[freecivai] Re: Amortize
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On Wed, 22 May 2002, Raimar Falke wrote:
>  delay: number of turns that you have to wait till the action will
> produce something.
>  surplus(turn) or (s(t) for short):
>  t>=0
>  t is relative shifted by current_turn+delay. So s(0) is really
> s(current_turn+delay).
>  may be < 0
>  constant surplus: s(t)=const for all t (simple terrain improvements
> have a constant surplus)
>  nonconstant surplus: example is the founding of a new city. The
> surplus depends on the city size and this size isn't fixed.
>  discrete surplus: s(t) is only defined for integer values of t
>  decay function: d(t)
>  d(0)=1
>  d(t)=0 if t>inf
>  d(t) is monotonic
>  example d(t)=0.5^t
>
> Problem 1: we want to decide weither an action A1 which has a delay of
> delay_a1 and a surplus_a1 should be taken or action A2.
>
> First solution: draw up the s(t) and calculate the area under the
> curve.
>
> Problem 1': the area is in most cases infinite.
No, only until endyear and/or spacerace arrival. Games with higher (end
year  current year) have smaller area (if I understood your definition
correctly), and the area shrinks for every turn.
> Problem 2: we want to punish long delays.
>
> Solution 2.1: we multiply the surplus with a decay function. So larger
> delay give smaller overall surplus.
>
> Solution 2.2: _if_ we had finite areas we don't need to care about the
> delay since it will just reduce the area.
Ah, but some improvements (notably cities) give you exponential growth,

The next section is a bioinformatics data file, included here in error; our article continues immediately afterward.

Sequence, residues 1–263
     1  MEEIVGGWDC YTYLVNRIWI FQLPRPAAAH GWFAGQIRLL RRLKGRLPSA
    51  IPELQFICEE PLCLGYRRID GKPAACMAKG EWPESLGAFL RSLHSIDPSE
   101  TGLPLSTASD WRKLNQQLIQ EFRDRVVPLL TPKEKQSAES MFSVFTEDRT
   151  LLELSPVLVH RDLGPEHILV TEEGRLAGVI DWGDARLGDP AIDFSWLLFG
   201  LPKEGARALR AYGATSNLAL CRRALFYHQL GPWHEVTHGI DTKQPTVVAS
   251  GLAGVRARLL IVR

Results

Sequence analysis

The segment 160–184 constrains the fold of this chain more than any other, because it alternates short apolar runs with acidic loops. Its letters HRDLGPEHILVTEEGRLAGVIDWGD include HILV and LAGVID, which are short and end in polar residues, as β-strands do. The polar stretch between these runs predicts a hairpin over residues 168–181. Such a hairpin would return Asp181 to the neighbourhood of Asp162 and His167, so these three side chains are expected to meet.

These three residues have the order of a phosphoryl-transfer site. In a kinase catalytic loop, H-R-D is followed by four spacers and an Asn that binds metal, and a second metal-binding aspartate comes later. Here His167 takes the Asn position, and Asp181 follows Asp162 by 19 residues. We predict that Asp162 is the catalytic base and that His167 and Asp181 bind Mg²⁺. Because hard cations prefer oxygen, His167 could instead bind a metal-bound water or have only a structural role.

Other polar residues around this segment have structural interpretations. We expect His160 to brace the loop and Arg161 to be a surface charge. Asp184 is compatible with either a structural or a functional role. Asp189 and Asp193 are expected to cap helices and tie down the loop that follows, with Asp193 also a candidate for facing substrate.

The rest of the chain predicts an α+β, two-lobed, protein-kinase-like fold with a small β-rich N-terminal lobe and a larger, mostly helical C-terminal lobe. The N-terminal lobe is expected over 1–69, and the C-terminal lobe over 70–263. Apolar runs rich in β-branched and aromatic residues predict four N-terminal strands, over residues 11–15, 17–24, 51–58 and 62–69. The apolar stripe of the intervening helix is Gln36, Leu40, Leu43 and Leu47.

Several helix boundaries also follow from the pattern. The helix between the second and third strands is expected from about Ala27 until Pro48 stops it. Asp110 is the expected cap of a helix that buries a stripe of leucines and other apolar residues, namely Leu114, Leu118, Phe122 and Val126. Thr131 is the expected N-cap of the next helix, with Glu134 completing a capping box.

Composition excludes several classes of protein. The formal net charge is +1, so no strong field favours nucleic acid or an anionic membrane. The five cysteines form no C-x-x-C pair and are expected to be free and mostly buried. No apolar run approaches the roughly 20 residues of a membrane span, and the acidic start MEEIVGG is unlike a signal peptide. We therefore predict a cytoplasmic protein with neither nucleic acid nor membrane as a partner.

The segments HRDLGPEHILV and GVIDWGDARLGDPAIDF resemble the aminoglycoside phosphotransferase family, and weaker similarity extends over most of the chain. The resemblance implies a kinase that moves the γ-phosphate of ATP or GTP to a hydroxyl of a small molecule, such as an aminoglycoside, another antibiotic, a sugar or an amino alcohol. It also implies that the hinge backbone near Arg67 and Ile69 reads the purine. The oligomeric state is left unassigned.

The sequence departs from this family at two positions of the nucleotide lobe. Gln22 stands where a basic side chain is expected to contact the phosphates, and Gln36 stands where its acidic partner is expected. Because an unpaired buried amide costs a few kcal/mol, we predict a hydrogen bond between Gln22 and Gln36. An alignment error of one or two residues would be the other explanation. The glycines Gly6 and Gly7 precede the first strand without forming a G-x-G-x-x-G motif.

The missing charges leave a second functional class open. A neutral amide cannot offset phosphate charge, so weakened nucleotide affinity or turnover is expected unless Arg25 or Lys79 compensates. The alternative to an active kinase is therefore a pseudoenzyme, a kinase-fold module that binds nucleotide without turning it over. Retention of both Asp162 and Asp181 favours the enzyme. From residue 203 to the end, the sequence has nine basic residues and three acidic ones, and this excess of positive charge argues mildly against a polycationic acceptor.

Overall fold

and you cannot know the exponential rate, because that is largely decided
by the decisions of the enemy.
I think a decay function is necessary, but the decay rate should be
decided by our evaluation the possibilities for exponential growth, which
in turn largely hinges on our evaluation of the enemy (and endyear and
spacerace).
> Solution 2.1 is the one used in current code. As d(t) (23/24)^t is
> used. This means a decay rate of 1/24 ~= 4.16%. So this decay function
> has a halflife of ln(2)/(1/24)=ln(2)*24 ~= 16.635 turns.
Interesting.
> Note that the current code can only handle constant surplus. If there
> is a nonconstant surplus you can either use a symbolic integration
> (hard to very hard) or a numberic integration (also not easy, note
> that the time horizon is unlimited).
We might want to introduce the AI to barriers. Let's say we want to invade
a given enemy in 20 turns. Then we try to get stuff ready in that time
horizon, because we want our military units to be ready, and our
evaluations and needs will probably be turned upside down then anyway,
leading to discarding previous build evaluations and targets that are not
finished.
This is particularily useful when we have AI diplomacy. Then we can use
periods of peace to expand, and stop building new cities and peaceful
buildings in time for war (when we will probably have to crashbuy lots of
military hardware anyway).
Yours,
Per
"As Israeli forces pursued militants, civilians
continued getting in the way and dying as a
result."  New York Times, April 21